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Three thousand years ago, a wise man said, "Train up a child in the way that he should go and when he is old he will not depart from it." Good training is not crisis management; it is what you do before the need of discipline arises. Most parenting is accidental rather than deliberate. Imagine building a house that way. We don't need to reinvent training. There are child training principles and methods that have worked from antiquity. To neglect deliberate training is to shove your child into a sea of choices and passions without a boat of compass. This book is not about discipline, nor problem children. The emphasis is on the training of a child before the need to discipline arises. It is apparent that, though they expect obedience, most parents never attempt to train their child to obey. They wait until the behavior becomes unbearable and then explode. With proper training, discipline can be reduced to 5% of what many now practice. As you come to understand the difference between training and discipline, you will have a renewed vision for your family, no more raised voices, no contention, no bad attitudes, fewer spankings, a cheerful atmosphere in the home, and total obedience from your children.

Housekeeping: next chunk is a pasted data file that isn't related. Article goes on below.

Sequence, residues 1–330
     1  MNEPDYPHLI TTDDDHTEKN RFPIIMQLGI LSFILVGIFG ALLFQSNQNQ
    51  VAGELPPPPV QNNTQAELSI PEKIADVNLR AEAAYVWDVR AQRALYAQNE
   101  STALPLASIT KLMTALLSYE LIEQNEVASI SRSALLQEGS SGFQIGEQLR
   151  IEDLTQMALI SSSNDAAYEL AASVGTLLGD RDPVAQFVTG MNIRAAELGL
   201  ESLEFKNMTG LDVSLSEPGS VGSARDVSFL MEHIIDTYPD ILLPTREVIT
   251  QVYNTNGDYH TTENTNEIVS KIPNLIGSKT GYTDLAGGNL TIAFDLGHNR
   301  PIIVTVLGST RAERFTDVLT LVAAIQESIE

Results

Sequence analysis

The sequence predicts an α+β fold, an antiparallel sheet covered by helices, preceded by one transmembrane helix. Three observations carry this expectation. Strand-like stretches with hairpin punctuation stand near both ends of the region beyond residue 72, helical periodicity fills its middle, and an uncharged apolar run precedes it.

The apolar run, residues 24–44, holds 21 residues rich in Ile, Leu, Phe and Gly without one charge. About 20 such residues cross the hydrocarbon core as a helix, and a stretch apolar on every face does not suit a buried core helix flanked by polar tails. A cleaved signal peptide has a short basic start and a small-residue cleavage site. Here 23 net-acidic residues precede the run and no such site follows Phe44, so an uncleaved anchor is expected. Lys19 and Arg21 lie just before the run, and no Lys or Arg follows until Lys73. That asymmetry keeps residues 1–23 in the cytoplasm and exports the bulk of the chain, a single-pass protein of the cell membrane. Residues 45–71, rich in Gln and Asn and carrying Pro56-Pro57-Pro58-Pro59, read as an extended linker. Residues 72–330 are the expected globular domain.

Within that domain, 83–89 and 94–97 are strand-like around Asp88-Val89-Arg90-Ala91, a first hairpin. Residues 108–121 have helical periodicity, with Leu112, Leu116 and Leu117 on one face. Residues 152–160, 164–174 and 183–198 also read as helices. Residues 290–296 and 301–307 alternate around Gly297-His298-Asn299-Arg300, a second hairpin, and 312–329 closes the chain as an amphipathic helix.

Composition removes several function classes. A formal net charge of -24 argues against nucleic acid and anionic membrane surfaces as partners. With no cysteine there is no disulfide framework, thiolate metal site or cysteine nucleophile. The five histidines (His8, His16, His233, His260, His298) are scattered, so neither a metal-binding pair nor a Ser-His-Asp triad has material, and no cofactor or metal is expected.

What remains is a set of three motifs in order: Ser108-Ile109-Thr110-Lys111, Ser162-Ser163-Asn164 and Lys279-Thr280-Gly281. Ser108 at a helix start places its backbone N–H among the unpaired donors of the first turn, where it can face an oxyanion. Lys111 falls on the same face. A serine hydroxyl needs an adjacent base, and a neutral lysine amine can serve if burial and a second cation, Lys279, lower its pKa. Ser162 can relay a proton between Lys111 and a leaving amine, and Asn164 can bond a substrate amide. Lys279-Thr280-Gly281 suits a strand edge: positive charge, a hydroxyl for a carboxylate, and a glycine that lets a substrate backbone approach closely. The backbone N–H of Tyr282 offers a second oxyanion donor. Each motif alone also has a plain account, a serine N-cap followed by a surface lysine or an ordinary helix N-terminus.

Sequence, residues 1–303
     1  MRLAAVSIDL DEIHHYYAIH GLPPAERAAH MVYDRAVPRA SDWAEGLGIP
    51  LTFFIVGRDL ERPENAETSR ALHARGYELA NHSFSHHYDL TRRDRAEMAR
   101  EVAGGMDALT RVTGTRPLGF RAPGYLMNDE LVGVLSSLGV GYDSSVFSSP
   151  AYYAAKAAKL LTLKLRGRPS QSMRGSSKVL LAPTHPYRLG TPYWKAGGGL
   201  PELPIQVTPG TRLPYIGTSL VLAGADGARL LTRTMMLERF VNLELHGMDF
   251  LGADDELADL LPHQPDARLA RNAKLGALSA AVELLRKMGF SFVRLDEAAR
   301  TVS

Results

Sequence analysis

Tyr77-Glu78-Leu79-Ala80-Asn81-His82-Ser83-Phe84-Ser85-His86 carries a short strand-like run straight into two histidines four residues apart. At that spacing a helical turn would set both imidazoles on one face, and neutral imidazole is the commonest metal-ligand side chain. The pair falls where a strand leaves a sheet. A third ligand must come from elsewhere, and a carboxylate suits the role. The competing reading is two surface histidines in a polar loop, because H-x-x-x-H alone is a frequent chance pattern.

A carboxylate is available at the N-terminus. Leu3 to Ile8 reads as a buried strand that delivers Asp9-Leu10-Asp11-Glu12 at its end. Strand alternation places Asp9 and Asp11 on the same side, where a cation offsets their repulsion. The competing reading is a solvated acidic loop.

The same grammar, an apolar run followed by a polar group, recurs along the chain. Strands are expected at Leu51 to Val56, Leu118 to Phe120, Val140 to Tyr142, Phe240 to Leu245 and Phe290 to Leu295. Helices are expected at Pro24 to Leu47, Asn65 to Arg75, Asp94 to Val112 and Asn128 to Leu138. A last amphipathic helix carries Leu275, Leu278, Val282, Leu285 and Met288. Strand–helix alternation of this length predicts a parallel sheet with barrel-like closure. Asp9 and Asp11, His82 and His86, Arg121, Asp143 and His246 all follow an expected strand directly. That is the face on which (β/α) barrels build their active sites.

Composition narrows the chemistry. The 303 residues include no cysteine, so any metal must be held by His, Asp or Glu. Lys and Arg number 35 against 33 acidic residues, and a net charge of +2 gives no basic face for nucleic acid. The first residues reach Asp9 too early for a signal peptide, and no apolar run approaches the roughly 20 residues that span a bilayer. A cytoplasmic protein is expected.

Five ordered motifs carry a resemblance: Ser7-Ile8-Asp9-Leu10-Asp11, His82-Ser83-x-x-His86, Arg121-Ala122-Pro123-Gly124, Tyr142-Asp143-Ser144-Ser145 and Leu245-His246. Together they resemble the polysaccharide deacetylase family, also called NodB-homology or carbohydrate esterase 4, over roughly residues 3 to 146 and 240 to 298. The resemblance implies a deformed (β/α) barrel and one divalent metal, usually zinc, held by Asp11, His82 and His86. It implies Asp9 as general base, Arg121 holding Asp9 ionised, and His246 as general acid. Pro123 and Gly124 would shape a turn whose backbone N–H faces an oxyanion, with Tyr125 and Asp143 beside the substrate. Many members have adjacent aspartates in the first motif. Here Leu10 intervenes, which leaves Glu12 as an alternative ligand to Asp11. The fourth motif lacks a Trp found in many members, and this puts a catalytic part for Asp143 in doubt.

To Train Up a Child: Turning the hearts of the fathers to the children
Average rating
2 / 5
January 28th, 2014
The advice in this book is useless for raising a well adjusted human child. The introduction compares raising a child to training a mule. The authors encourage you to put your child in situations where they will fail (that is, misbehave) so you can swat them. Don't try to explain things to your kids. Obedience is all. This method flies in the face of research on child development, and the authors know it. They start to poison the well early, dismissing the work of "intellectuals" with snide remarks designed to appeal to anti-science sentiments in their target audience. The book offers many anecdotes that follow the same pattern. They are visiting frustrated parents who are already embarrassed at their children's behavior. The authors Judge and ridicule the parents in the text, then tell us how they gave them advice that magically made everything better. The main reason they offer to justify training a child like an animal is so that your neighbors won't judge you harshly. Oh, and Jesus. As a side note, this volume was reportedly found in the home of the foster parents whose charge was starved and eventually died of exposure when she was locked outside. The authors do not advocate this level of torture, but I can understand how this advice could lead to abuse if there were mental health issues with the caregivers. I gave this two stars only because I think it is important that everyone knows that these attitudes exist in our society.
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